Quarried stone can be expensive and difficult to acquire, but it is possible to create a more affordable and readily available substitute with epoxy
Even if you manage to find the kind of stone you’re looking for, the exact shade and quality of veining you get are definitely not within your control.
Once you’ve managed to curate exactly the right kind of stone you’re looking for, and in the quantity you need, you would then have to employ professional tools to carve it up in the right dimensions and apply high-level engineering to install it.
It probably goes without saying that stone is extremely tough and heavy – your typical handheld electric drill will not put a hole in it.
Using just the tools and materials you can find in a neighbourhood hardware store, you could instead create a substitute to marble with epoxy.
Applied on wood or concrete in layers, you could have your very own customised panels and countertops that look like marble but are far more affordable.
As you can cut or form these to the exact size you need, wood or concrete panels coated in epoxy will also have fewer gaps for water to seep through – and you wouldn’t have to worry about as many grout lines remaining water-resistant as you would with tiles.
1. Identify the panels you want to create.
2. Take the proper measurements and check them twice.
3. Cut the wood or form the concrete panels to the exact dimensions you need.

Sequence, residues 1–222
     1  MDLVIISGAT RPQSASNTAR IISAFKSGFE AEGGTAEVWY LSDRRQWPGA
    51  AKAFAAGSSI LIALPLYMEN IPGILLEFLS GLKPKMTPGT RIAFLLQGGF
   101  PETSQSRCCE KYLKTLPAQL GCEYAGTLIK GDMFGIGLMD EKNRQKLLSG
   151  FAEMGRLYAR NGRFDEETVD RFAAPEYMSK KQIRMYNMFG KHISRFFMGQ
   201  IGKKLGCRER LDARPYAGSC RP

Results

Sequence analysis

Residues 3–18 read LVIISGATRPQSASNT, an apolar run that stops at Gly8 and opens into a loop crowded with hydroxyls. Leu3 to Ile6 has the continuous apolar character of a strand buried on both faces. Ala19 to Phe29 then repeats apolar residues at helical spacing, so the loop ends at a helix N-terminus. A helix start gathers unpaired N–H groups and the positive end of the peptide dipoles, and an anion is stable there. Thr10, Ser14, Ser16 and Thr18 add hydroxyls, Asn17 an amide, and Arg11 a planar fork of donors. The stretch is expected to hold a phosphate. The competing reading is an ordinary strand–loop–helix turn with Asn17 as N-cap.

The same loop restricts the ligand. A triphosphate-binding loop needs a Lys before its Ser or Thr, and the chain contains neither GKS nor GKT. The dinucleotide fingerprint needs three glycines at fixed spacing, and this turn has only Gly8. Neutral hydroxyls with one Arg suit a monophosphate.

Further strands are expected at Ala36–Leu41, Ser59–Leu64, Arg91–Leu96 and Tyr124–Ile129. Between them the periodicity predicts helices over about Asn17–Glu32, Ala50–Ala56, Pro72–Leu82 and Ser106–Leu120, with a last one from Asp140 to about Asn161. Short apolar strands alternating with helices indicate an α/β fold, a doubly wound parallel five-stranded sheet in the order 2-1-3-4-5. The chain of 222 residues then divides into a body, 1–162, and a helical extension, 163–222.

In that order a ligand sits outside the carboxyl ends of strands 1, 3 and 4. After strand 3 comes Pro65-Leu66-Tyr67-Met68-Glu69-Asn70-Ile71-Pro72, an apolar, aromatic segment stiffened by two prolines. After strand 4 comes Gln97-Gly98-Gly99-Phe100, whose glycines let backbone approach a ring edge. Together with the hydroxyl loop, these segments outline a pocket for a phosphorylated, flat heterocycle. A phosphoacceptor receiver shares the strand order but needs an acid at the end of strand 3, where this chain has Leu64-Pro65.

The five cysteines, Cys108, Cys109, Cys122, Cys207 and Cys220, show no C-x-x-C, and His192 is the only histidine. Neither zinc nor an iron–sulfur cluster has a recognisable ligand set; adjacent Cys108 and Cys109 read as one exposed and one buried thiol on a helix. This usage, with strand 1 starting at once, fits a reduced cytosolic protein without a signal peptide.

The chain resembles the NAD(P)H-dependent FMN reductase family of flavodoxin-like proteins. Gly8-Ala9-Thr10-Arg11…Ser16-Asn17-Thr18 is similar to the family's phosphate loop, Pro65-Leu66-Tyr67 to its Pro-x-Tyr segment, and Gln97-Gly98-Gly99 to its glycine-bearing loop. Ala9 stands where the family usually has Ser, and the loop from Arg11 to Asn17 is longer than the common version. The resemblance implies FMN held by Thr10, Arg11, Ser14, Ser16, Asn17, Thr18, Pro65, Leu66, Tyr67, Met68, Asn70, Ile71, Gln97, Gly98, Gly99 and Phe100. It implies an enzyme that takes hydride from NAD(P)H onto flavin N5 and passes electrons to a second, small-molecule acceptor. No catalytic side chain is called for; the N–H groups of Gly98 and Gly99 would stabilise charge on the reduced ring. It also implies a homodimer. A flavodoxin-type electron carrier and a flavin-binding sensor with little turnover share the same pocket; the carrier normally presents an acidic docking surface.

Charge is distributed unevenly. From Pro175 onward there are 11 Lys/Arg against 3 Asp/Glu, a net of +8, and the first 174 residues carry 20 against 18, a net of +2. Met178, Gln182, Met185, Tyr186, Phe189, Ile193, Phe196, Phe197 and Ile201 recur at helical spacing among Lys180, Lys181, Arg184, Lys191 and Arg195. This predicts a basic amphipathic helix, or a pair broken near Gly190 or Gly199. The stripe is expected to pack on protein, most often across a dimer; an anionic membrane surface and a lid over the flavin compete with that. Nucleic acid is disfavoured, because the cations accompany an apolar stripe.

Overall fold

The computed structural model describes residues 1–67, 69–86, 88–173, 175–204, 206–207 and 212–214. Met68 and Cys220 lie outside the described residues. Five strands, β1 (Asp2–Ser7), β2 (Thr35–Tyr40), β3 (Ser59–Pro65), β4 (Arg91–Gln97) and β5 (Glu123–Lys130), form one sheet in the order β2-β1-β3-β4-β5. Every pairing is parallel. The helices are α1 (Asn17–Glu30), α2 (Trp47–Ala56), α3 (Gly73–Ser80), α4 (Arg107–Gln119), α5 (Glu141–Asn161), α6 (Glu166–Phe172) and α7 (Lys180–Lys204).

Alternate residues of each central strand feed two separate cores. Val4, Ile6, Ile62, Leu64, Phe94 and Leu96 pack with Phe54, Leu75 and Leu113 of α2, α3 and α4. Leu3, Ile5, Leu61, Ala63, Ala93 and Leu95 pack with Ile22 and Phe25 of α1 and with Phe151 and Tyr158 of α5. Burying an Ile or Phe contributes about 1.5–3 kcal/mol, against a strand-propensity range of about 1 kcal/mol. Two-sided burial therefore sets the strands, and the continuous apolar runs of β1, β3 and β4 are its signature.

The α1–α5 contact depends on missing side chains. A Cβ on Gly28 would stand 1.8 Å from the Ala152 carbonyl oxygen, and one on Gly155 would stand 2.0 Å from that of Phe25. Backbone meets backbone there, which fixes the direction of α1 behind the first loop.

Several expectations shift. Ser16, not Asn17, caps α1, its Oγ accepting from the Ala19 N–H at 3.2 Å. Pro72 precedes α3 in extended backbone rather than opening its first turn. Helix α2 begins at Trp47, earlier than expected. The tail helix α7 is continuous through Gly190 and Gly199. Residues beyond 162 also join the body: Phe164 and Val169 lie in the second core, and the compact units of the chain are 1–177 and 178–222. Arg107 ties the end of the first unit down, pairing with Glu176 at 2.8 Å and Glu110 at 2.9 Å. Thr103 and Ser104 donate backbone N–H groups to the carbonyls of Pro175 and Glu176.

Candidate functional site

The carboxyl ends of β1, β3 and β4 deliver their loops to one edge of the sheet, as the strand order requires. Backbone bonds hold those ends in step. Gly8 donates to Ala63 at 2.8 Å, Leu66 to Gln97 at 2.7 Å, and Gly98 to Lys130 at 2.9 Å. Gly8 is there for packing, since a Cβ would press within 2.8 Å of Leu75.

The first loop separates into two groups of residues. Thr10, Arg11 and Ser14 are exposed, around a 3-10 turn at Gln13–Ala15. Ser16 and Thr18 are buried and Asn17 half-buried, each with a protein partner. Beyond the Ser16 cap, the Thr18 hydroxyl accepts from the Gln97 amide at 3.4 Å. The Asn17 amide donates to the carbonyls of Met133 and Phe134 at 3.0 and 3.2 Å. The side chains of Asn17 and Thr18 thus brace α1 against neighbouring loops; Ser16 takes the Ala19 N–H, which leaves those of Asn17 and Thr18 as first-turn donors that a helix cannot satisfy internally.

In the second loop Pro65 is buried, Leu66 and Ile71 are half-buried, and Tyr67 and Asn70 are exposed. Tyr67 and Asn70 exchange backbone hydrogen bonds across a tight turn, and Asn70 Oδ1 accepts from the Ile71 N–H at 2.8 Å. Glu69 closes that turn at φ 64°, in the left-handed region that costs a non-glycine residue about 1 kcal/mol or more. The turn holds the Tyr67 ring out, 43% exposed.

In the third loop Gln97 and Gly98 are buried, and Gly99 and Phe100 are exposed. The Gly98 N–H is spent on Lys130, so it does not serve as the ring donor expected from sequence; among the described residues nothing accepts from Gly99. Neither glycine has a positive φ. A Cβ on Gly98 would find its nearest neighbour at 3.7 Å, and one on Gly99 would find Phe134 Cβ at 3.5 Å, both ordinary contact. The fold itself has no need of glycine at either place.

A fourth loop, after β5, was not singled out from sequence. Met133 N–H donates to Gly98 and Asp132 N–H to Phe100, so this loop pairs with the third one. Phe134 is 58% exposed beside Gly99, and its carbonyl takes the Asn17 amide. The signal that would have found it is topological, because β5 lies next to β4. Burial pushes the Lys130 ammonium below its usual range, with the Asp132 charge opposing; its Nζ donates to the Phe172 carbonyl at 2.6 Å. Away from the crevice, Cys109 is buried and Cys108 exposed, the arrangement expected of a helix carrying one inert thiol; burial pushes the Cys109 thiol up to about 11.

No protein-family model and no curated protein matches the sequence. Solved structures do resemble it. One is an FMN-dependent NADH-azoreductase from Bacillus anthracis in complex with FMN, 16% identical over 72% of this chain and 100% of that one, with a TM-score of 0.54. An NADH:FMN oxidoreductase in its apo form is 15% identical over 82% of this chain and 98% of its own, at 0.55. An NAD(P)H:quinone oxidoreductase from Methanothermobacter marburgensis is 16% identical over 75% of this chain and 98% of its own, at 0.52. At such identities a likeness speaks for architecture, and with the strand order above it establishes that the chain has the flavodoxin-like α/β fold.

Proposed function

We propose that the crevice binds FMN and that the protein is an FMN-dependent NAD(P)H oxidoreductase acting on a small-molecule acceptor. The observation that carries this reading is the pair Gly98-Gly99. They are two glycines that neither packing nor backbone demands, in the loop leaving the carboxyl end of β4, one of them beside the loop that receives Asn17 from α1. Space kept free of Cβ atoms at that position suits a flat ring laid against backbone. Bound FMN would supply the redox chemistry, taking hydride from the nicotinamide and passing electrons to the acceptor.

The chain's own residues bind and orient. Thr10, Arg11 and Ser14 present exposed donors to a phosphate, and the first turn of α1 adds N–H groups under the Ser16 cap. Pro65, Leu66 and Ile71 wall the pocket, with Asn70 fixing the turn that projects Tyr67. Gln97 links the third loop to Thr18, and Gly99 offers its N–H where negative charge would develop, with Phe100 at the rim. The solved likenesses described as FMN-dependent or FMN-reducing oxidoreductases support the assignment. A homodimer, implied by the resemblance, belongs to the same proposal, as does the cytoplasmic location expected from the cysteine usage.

4. Mix the two parts of clear epoxy together and apply a thin primer coat with a roller.
5. Once the primer coat is dry to the touch, mix another batch of coloured epoxy, or clear epoxy combined with an acrylic or alcohol-based dye, or even powdered inorganic pigments of your choice. Use titanium dioxide, if you’re looking to mimic a white marble such as Carrara, or carbon, if you’re looking to create something like a Marquina marble.
6. Coat the entire panel with the base coat of epoxy using a roller.
7. Once the base coat is dry to the touch; or if you want the colours to mix, begin this next step while the base coat is still wet and apply the next layer of epoxy mixed with another pigment of your choice.
8. Paint, drip, or spray your desired patterns over the base coat. Go wild.
9. Spray 91% Isopropyl alcohol to thin out portions where you want the base coat to show more vividly.
10. Before your pattern coat dries, lightly go over your work with a blow torch to pop any bubbles.
11. Once the pattern coat has dried, lightly sand the panel with increasingly fine grades of grit from 100 to 150, and finally, to 220.
12. Mix a batch of clear epoxy hardener to seal the finished product and let it dry.
Marvel at your new epoxy-marbled shelf or decorative panel, and then, perhaps hang it up in the bathroom?
This article is intended to convey general information only. It does not constitute advice for your specific needs. This article cannot disclose all of the risks and other factors necessary to evaluate a particular situation.
Any interested party should study each situation carefully. You should seek and obtain independent professional advice for your specific needs and situation.